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The First ski

2016-11-08

 

Тhe First Skis: In 1913, according to Young Tourist magazine, Western Europeans were reported to be seen using two-meter long boards on the slopes and during the same time, Bulgarian students studying abroad, were bringing home skis. Back then, a favorite pastime for the people of Samokov was to organize sledge races starting from the Sborna Rota (today hotel Olymp) to the main town, with sledges for two, three and even eight people at a time, using locally made sledge models.
At that time, there were foreigners workings as engineers, meteorologists and botanists, among other professions, at the hunting lodges - Tsarska Bistriza and Sitniakovo. With them, they brought skis, which they used for their assignments in the neighbouring areas. The family of one of these expats – Mihail Krashniak – permanently settled in Samokov after 1919. Mihail Krashniak junior started making demo ski rides from Rido to Pashaniza for his fellow students and some of the local boys from the American college also owned skis. Inevitably, enthusiasm began brewing among the active male youth of Samokov for skiing and more broadly, winter sports. But how does one get a pair of skis? The answer is “Do it yourself”! Local carpenters started making skis themselves and as a result, many strange models came into existence, including the arcs of wooden barrels, often used by children. It took some time for real ski manufacturing to begin in Samokov and the first skis were branded “Slaveevki”. (The Beginnings, L. Nenkov).

In 1913, according to Young Tourist magazine, Western Europeans were reported to be seen using two-meter long boards on the slopes and during the same time, Bulgarian students studying abroad, were bringing home skis. Back then, a favorite pastime for the people of Samokov was to organize sledge races starting from the Sborna Rota (today hotel Olymp) to the main town, with sledges for two, three and even eight people at a time, using locally made sledge models.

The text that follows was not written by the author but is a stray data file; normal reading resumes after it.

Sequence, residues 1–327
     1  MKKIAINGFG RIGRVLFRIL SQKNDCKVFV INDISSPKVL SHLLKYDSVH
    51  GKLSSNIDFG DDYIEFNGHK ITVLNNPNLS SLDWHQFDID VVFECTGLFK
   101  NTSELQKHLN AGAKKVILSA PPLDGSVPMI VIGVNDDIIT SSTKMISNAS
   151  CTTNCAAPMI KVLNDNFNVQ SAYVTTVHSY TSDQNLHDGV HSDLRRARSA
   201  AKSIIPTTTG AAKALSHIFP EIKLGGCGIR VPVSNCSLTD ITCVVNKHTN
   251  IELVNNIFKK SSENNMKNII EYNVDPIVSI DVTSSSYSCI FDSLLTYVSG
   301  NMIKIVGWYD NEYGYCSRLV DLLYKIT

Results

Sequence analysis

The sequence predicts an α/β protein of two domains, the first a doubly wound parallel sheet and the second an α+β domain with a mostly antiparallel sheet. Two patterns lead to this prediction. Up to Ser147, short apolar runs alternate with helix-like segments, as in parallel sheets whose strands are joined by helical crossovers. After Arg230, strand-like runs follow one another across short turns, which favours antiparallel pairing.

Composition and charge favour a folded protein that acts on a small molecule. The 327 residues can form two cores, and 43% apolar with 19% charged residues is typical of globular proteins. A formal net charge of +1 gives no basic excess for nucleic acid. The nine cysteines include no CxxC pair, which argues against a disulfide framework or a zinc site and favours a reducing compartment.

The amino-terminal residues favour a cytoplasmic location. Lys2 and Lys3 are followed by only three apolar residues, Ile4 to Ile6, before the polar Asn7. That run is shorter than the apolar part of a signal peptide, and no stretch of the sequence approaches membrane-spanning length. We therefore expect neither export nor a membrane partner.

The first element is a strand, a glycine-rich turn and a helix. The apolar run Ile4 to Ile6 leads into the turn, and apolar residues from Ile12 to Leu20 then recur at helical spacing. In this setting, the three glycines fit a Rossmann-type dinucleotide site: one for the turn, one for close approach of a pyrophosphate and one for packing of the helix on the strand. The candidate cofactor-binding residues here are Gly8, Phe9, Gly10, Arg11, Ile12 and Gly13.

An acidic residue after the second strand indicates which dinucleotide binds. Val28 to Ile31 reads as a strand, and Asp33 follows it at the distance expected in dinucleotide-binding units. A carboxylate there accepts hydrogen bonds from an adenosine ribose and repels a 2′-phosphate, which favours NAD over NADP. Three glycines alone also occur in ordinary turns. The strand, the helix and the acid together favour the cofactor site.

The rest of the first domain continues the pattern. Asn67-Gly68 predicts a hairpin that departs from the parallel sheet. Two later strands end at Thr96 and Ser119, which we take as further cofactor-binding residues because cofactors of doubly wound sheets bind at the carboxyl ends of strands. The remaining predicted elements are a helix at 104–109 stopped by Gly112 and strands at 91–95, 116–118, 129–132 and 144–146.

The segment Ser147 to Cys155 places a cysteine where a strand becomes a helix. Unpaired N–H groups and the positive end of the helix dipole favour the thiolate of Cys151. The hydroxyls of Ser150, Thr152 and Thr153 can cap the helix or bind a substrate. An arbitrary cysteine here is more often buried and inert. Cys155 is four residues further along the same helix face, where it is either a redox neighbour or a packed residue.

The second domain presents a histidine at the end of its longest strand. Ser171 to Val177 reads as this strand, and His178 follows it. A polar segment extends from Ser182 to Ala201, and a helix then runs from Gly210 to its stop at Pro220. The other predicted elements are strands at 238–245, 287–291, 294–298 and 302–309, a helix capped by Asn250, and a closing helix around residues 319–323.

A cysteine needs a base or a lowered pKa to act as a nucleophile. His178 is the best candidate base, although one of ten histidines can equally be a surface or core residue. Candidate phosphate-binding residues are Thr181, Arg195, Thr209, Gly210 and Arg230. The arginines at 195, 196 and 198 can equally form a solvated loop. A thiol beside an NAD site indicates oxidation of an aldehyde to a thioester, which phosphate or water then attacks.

At that time, there were foreigners workings as engineers, meteorologists and botanists, among other professions, at the hunting lodges - Tsarska Bistriza and Sitniakovo. With them, they brought skis, which they used for their assignments in the neighbouring areas. The family of one of these expats – Mihail Krashniak – permanently settled in Samokov after 1919. Mihail Krashniak junior started making demo ski rides from Rido to Pashaniza for his fellow students and some of the local boys from the American college also owned skis. Inevitably, enthusiasm began brewing among the active male youth of Samokov for skiing and more broadly, winter sports. But how does one get a pair of skis? The answer is “Do it yourself”! Local carpenters started making skis themselves and as a result, many strange models came into existence, including the arcs of wooden barrels, often used by children. It took some time for real ski manufacturing to begin in Samokov and the first skis were branded “Slaveevki”. (The Beginnings, L. Nenkov).